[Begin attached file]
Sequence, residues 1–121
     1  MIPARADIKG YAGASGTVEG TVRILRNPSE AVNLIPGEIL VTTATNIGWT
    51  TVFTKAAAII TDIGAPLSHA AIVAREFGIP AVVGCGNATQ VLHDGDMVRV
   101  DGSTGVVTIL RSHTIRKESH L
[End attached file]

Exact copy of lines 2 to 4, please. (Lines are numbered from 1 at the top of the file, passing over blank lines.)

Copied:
     1  MIPARADIKG YAGASGTVEG TVRILRNPSE AVNLIPGEIL VTTATNIGWT
    51  TVFTKAAAII TDIGAPLSHA AIVAREFGIP AVVGCGNATQ VLHDGDMVRV
   101  DGSTGVVTIL RSHTIRKESH L